Schoolwork-related anxiety is complex and variable, but common sources of anxiety are a highly competitive learning environment, and long study hours. For example, in Belgium and Israel, students in schools with long study time are at least 11 percentage points more likely to report that they feel anxious for a test even if well prepared than students in school with short study time.

The key is to reduce anxiety, while promoting motivation. Across all countries and economies that participated in PISA 2015, students with greater overall motivation to achieve reported higher satisfaction with life.

So who is getting it right?

(Slide 6)

This slide highlights three key countries that I would like to focus on. The Netherlands, Finland and Switzerland.

Not only do students in these countries have relatively high levels of life satisfaction, but they also perform above average in science on PISA.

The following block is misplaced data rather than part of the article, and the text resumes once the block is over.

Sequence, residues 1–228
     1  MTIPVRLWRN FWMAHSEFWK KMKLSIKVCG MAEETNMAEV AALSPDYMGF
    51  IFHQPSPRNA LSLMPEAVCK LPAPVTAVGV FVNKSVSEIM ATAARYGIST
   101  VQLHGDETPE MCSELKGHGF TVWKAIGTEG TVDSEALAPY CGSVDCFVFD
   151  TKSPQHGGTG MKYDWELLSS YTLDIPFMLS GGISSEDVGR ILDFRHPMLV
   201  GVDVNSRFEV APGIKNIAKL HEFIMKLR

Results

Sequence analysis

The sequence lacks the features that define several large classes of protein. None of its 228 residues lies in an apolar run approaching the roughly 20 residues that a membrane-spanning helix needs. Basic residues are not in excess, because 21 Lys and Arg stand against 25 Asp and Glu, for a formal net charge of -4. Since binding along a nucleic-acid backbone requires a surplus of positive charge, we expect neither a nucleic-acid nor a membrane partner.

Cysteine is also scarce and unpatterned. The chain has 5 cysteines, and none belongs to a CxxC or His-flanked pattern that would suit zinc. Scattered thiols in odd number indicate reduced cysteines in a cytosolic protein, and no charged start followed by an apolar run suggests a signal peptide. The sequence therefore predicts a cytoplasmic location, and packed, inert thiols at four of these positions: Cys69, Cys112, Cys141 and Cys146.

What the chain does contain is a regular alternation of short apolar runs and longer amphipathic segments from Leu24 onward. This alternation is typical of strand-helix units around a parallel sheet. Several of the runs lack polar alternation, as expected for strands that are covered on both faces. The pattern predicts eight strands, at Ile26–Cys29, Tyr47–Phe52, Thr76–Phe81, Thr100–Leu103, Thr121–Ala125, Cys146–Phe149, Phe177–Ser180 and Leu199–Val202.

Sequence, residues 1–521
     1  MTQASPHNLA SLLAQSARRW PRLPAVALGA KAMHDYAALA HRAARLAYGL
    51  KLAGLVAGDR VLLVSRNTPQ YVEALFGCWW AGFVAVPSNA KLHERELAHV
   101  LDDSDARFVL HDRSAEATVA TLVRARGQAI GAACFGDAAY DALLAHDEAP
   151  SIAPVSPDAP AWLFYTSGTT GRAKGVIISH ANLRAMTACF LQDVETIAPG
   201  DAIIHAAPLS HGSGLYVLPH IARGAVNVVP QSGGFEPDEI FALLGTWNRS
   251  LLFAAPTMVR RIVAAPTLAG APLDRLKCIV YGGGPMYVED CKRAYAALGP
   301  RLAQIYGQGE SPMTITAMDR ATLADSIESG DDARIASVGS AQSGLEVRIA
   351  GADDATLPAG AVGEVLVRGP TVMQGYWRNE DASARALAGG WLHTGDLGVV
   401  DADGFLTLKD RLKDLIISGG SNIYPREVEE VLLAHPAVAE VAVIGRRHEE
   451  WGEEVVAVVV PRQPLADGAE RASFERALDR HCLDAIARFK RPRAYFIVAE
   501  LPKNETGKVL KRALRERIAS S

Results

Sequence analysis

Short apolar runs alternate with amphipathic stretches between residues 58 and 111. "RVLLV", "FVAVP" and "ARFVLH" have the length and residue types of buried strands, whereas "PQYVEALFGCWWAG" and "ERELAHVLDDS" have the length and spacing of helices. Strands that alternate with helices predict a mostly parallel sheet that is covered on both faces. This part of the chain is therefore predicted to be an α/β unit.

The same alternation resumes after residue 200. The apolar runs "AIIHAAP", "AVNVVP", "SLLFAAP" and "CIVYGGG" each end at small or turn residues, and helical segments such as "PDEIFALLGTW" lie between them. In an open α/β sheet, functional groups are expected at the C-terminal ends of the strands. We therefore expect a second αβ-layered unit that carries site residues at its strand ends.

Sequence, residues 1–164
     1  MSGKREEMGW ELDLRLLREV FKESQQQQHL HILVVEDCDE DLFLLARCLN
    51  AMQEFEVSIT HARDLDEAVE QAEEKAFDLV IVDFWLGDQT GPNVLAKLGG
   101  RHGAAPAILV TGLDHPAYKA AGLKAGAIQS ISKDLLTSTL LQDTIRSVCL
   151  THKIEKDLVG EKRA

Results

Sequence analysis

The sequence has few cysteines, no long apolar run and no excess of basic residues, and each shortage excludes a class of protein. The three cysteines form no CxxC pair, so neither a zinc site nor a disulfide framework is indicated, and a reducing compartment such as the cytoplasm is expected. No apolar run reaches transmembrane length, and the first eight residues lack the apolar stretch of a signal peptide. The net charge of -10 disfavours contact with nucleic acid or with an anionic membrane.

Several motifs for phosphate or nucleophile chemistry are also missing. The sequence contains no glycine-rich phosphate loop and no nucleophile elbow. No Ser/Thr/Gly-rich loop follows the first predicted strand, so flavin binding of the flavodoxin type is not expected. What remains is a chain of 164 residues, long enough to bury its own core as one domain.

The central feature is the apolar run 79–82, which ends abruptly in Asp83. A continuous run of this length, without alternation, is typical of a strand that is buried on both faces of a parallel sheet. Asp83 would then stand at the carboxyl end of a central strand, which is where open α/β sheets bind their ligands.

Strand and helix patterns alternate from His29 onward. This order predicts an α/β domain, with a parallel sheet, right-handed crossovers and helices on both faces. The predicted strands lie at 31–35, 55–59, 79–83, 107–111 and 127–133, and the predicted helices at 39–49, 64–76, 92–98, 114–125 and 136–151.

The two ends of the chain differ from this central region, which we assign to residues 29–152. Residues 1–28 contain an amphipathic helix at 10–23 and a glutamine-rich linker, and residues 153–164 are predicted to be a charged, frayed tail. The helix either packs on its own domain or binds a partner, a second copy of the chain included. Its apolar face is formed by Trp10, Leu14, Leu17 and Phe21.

(Slide 7)

Here we see that students in these countries are less likely than their peers to report feeling anxious for tests. Across OECD countries, 56% of students reported they feel anxious for a test even if they are well prepared; but this was 49% in Finland, 39% in the Netherlands, and only 34% in Switzerland.

On average 37% of students reported they feel very tense when they study, but only 21% of students in Switzerland, 18% of students in Finland and a mere 14% of students in the Netherlands did.

(Slide 8)

The key therefore is to foster motivation, without excessive external pressure to be the best or fear failure, because this causes anxiety.

In this slide, we see that students in the Netherlands, Finland and Switzerland feel much less the pressure to be the best in their class. Given they still achieve high scores in PISA, their motivation to perform seems more positive, more intrinsic, more confident.

To increase well-being and raise performance, teachers and parents need to find ways to encourage students’ motivation to learn and achieve without generating an excessive fear of failure. Indeed teachers have a vital role to play.

(Slide 9)

Teachers are key for student well-being